Tax preparation companies lobby Congress to keep tax preparation costly and complicated. Intuit, maker of TurboTax, the tax preparation software, lists government tax preparation as a threat to its business model. One example is the earned income tax credit, a government program for low-income people. The credit is so complicated that 20% of the people who are eligible never file. The anti-tax contingent’s desire to force Americans to spend time and money on tax preparation dovetails with the tax preparation industry’s desire to collect billions of dollars in fees. If the government prepared people’s tax returns, that 20% would receive government support. Nonetheless, Intuit has lobbied lawmakers to make the credit more complicated, thereby driving more taxpayers to paid preparation services. To date, the tax preparation industry has kept the system complicated because the potential cost to it in terms of lost revenue is vast. Only public outcry can change the system.
Block promise to pay all taxes and interest resulting from a failed audit. As a result, these services have every incentive to take conservative, pro-government tax positions. A second argument is that government- prepared tax returns encourage tax evasion. In a no-return system, the government reveals its knowledge of the taxpayer’s income before the taxpayer files. Thus, the argument goes, the taxpayer knows if the government has missed something and has reason to let the mistake stand. But taxpayers already know what information forms the government has because they receive duplicates of those forms. The incentive to lie does not increase because the taxpayer avoids weeks of tax preparation. BOLSTERING THE ANTI-TAXERS Finally, there is the anti-tax argument for onerous tax preparation: Keep tax preparation unpleasant to fuel anti-tax sentiment. In the past, Republicans argued against high taxes. But after decades of tax cuts, Americans are no longer swayed by that argument. Exasperating tax preparation, according to this argument, helps keep the anti-tax fever high. And that fuels public hate for government and the tax system. Unfortunately, the anti-tax contingent’s desire to force Americans to spend time and money on tax preparation dovetails with the tax preparation industry’s desire to collect billions of dollars in fees.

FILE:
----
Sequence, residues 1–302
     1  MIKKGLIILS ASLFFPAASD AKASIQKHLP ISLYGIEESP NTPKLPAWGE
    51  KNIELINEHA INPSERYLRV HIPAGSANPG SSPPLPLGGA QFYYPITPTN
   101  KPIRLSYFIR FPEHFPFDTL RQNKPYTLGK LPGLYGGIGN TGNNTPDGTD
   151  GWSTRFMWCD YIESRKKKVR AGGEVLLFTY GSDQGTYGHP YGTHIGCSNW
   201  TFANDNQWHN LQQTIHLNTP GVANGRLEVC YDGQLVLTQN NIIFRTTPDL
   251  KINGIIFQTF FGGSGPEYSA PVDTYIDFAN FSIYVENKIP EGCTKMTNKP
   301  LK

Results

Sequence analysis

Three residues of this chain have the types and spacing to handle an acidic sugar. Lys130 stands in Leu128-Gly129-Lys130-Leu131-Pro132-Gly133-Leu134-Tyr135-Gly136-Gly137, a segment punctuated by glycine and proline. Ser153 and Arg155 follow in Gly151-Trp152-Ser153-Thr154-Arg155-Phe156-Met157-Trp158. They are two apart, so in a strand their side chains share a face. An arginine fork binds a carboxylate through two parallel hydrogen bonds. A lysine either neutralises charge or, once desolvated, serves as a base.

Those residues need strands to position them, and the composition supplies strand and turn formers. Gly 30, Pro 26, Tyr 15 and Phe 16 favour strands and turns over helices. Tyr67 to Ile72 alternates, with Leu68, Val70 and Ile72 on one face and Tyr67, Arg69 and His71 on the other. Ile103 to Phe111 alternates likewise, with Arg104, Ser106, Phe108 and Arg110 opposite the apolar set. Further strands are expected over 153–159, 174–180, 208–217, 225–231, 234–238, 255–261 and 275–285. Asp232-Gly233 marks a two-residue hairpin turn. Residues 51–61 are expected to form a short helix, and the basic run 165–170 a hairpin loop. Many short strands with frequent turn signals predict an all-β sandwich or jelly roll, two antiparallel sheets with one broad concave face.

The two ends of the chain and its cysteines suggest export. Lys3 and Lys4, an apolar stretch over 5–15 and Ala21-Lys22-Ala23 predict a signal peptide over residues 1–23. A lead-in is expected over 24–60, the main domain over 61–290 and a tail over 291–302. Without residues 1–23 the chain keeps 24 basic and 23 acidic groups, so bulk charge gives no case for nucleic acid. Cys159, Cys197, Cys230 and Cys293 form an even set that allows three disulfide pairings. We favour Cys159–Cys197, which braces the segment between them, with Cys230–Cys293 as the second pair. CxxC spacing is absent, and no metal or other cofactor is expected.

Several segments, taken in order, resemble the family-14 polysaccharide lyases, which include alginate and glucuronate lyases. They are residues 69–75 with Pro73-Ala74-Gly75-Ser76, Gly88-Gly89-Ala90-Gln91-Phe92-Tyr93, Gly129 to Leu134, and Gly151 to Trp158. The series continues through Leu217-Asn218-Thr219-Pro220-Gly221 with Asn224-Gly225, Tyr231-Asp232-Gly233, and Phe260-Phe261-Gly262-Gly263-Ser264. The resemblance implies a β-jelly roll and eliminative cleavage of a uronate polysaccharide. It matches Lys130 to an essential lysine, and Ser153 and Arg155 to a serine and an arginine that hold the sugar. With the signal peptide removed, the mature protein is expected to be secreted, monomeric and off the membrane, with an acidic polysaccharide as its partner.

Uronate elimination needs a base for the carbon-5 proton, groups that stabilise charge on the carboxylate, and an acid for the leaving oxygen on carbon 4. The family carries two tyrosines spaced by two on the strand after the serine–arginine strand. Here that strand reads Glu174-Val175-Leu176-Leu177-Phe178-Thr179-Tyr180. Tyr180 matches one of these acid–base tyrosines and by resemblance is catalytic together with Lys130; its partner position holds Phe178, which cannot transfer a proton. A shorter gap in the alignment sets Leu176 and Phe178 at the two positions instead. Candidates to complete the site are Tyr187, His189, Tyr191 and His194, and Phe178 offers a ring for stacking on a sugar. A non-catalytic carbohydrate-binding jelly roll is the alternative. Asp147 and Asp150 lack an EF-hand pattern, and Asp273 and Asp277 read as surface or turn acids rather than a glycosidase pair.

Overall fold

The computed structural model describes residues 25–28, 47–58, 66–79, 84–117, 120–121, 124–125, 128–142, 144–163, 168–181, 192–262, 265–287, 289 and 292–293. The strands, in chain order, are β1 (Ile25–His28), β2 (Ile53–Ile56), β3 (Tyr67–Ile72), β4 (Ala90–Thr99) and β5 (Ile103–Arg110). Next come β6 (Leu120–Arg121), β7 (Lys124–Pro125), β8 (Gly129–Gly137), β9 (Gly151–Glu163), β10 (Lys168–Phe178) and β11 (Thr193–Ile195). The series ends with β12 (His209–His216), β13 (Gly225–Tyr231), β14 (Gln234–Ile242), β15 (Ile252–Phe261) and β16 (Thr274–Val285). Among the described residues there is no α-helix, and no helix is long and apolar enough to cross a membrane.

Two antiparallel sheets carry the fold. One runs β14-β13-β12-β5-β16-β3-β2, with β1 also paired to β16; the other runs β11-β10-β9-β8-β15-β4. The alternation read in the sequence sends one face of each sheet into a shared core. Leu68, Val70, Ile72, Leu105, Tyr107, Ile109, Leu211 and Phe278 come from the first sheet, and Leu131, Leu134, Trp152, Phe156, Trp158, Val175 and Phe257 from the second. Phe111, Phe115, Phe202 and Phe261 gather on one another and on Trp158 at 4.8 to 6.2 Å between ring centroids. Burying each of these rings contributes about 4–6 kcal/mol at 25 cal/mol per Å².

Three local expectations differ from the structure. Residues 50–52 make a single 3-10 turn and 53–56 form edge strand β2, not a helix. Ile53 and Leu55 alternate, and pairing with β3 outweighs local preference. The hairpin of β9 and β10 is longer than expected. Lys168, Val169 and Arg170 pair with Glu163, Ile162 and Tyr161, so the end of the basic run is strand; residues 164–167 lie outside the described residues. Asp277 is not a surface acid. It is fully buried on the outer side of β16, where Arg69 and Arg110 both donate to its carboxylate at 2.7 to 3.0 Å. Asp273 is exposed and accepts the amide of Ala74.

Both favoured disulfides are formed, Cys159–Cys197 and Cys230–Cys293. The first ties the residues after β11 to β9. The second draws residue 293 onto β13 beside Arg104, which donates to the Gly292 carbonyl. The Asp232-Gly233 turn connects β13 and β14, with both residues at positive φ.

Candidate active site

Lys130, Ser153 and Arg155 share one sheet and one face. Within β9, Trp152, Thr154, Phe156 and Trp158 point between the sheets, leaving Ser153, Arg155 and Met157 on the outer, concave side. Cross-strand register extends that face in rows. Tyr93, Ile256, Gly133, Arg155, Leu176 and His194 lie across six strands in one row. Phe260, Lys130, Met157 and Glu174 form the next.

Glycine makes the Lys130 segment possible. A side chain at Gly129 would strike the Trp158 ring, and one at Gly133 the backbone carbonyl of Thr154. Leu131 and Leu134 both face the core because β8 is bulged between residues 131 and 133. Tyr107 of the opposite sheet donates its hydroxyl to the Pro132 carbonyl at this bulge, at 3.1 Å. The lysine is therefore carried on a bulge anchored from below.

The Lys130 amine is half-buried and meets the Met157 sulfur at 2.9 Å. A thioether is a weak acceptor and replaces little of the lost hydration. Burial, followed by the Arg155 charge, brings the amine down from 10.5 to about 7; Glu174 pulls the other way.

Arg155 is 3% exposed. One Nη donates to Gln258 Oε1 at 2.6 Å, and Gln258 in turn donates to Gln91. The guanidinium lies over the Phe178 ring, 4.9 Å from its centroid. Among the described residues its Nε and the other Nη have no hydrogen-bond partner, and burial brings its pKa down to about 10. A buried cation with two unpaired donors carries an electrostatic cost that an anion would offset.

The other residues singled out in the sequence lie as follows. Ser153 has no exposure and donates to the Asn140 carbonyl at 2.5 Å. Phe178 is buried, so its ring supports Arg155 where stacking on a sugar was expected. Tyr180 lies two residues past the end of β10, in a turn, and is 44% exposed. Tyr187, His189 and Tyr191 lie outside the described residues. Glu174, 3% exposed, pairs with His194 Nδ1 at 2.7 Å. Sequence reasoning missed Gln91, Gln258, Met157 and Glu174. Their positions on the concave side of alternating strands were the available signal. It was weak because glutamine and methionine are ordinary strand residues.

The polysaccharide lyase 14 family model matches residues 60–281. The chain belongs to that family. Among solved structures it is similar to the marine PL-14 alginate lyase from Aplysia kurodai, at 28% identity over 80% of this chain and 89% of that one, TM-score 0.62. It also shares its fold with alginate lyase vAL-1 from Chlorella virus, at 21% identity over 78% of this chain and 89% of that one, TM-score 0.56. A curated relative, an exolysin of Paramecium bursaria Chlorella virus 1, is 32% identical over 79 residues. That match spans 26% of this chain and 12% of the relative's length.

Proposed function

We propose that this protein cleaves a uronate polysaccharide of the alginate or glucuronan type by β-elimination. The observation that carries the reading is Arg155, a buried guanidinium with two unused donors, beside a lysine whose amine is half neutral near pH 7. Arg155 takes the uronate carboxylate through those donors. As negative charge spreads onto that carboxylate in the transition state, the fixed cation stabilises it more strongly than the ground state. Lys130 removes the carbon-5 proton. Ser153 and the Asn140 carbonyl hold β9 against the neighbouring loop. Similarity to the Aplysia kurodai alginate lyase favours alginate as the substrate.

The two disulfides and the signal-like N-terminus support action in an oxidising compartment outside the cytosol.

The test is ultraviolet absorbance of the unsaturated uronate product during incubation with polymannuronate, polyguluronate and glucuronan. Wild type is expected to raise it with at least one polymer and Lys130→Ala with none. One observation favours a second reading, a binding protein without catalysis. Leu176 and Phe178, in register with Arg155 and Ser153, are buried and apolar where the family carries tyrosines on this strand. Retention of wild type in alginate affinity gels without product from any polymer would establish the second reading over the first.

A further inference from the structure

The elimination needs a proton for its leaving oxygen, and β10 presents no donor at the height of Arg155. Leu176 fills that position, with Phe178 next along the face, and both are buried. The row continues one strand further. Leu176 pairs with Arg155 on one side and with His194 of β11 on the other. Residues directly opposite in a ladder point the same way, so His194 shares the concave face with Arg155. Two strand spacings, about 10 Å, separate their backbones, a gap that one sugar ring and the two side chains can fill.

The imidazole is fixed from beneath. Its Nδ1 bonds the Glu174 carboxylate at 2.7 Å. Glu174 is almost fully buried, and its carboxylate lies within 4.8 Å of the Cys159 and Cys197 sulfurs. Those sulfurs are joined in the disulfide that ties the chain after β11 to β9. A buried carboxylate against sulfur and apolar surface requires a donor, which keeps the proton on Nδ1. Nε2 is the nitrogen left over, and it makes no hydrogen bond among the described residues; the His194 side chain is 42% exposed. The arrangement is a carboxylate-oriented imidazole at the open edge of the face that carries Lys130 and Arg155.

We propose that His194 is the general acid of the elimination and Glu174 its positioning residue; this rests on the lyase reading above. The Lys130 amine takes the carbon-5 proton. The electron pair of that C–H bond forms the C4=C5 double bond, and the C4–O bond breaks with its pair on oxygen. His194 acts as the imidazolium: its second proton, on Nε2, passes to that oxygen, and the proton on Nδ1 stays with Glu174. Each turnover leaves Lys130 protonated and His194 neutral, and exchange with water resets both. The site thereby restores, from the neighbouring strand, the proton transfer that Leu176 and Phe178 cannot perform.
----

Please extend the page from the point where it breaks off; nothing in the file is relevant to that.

Beverly Moran is Professor Emerita of Law at Vanderbilt University. © The Conversation
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